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Scout project not just an exercise in woodworking

Teen constructs two benches for the Glennwood House for the developmentally disabled.

April 17, 2014|By Bryce Alderton
  • David Bailey of troop 773 in Laguna Niguel, sits on the wooden bench he built for his Eagle Scout project for the Glennwood House. He built the bench with help from his dad.
David Bailey of troop 773 in Laguna Niguel, sits on the… (Don Leach / Coastline…)

David Bailey's Boy Scout project allowed him to bond with his father, use his writing skills to raise money and, most important, create two new places for residents to relax at Laguna Beach's Glennwood House.

The 17-year-old Laguna Niguel resident designed and built two wooden benches for the recently renovated home, which houses 50 developmentally disabled young adults.

The benches hang from a patio cover in the courtyard, near the residents' vegetable garden.

David, a Dana Hills High School student, had an in with Glennwood — his father, David Bailey Sr., was one of two architects, along with Morris Skenderian, who worked on the renovation. Glennwood opened last summer, replacing a vacant assisted-living facility.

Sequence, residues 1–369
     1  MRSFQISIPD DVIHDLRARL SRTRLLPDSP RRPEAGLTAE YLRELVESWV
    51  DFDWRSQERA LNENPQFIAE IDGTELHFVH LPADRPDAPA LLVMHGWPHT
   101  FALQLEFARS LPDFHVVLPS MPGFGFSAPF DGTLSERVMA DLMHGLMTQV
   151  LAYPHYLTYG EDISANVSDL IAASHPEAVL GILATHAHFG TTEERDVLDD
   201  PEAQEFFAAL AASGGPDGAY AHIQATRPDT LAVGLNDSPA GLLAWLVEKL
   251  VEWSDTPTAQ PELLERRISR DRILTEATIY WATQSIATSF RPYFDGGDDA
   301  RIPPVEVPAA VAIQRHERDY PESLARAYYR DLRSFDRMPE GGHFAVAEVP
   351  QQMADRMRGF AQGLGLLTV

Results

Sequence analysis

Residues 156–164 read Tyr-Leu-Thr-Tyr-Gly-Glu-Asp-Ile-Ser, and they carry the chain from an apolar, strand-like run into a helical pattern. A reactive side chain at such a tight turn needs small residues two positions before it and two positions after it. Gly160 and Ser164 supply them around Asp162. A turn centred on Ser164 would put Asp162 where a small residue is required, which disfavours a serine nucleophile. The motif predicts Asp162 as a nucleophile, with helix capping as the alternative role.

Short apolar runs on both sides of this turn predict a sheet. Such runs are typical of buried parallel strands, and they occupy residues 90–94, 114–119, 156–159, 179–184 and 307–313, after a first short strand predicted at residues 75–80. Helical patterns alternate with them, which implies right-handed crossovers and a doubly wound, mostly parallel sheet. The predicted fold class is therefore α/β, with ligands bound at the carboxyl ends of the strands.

David, who has been a Boy Scout for four years, is part of the 80-member Troop 773, which camps monthly and spent two weeks on a 71-mile backpack trip in New Mexico.

For the Glenwood project, David raised $1,300 by participating in garage sales and putting pen to paper.

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David won $300 for the Road to Eagle Scholarship essay contest by describing the bench project and how it would benefit Glennwood residents, and was recognized at the 32nd annual Construction Industry Good Scout Award Luncheon in Irvine in November.

Emile Haddad, president and chief executive of FivePoint Communities, a real estate development and management company, donated an additional $500 to David after hearing him speak about the project.

The family garage provided the space to build the benches, and David got to spend quality time with his father, occasionally tapping into dad's architectural background and using his tools.

"I learned the price of wood was expensive, and it takes lots of time," David said.

David bought the wood Jan. 6 and finished March 29. The benches, made of both redwood and alder, hang by steel cables from overhead wooden beams, which the Baileys installed.

David sanded the wood, added four layers of varnish and used a band saw to shape the armrests.

The most challenging part was ensuring that the chains were aligned and sturdy, said the elder Bailey.

On a recent afternoon, one of the benches was already proving its worth as it supported a woman, who was gently rocking.

David is close to becoming an Eagle Scout. He will submit paperwork to the Boy Scouts of America Orange County Council, and then several Scout leaders will review his project and interview him.

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